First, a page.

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Biomedical Scientist

Marta Novotova is a senior scientist at the Biomedical Research Centre of the Slovak Academy of Sciences, where she is currently investigating the changes in cardiac myocytes in heart failure and in human-biopsies from transplanted hearts. She is also studying the effects of viral, ultrastructure of SARS-CoV-2 infected cells. Marta creates her artworks in collaboration with Martin Baláž, art designer and assistant Architecture professor, at the Faculty of Architecture Slovak Technical University. She is a strong advocate to overcome the underrepresentation of women in STEM fields.

“The virus is a real danger and not a science fiction to entertain people.”

Artwork name

Virus in us and me in science

About the artwork

Virus in us and me in science, 2021, digital photographs, were produced using electron microscopes equipped with a digital camera to capture and transform cells into art pieces. These raw images are often combined with hidden elements, such as a side-face relief of a woman inside a cell. Marta shared her artwork with a large audience at the Slovak Academy of Sciences to communicate one important message: “The virus is a real danger and not a science fiction to entertain people”.


Women of science have often used crocheting and clothes stitching to help understand complex scientific processes and facts. This was the case of pioneering French midwife Angélique du Coudray (1712-1794) who created a mannequin of textiles to teach trainee midwives on all steps of properly attending childbirth. At that time, female midwives were barred from medical studies. In 1759, du Coudray published a midwifery manual “Abrégé de l’art des accouchements” illustrating important manoeuvres to preserve the safety of women and their new-borns at the moment of birth.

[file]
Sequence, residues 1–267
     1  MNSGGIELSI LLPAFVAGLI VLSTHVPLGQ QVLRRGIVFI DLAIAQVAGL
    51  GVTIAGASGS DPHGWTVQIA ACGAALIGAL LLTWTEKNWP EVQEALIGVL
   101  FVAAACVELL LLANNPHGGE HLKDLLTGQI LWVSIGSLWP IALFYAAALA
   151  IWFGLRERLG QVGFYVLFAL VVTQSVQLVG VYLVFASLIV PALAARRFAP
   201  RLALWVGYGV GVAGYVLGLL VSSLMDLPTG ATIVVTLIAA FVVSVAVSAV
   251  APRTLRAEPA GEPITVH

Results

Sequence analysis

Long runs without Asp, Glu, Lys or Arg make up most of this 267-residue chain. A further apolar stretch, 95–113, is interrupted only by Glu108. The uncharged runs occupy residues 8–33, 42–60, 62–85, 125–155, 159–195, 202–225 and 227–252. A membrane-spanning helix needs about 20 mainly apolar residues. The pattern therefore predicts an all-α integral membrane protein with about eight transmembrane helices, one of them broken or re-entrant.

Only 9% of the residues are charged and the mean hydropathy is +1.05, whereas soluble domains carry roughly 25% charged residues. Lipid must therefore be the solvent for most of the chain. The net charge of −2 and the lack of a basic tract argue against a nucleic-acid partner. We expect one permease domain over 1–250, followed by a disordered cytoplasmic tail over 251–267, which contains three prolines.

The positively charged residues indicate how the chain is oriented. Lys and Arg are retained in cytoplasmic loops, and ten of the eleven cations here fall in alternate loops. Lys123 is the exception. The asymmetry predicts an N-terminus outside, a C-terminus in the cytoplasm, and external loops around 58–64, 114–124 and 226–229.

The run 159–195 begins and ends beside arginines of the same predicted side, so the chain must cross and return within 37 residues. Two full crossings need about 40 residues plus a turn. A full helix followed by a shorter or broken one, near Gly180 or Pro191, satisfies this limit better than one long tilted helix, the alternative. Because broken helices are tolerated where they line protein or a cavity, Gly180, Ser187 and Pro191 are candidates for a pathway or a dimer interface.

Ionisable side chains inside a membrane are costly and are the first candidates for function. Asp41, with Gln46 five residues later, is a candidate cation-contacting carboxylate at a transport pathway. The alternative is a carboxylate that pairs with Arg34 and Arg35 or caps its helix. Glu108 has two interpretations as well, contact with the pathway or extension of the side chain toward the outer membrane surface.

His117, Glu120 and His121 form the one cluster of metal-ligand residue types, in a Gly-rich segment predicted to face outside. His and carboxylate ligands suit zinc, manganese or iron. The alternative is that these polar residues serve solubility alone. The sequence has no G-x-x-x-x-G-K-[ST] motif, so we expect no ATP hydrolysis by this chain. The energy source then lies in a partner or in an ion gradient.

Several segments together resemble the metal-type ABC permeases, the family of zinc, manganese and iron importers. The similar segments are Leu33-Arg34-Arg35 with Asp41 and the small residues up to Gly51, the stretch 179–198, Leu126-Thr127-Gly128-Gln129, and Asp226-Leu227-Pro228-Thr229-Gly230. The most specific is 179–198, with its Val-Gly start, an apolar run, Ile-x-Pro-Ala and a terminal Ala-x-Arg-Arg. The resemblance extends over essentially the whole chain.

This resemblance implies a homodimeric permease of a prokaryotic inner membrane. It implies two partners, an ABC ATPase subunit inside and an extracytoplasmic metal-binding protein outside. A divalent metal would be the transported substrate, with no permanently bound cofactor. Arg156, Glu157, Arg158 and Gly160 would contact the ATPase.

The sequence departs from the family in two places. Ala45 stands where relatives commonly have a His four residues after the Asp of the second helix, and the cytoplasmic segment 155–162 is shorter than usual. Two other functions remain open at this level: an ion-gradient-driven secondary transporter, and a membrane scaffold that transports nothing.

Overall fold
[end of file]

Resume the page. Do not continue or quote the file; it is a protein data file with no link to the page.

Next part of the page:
Her trainees practiced various manipulations in mock births on the life-size obstetrical mannequin and were well prepared to handle dangerous situations, such as with twins and breech presentation. Du Coudray succeeded against the opposition of male surgeons when Louis XV recognized that she was instrumental to reducing chid mortality and commissioned her to travel across France to teach the art of midwifery. She taught thousands of students and even male medical doctors and became a symbol of French medical progress.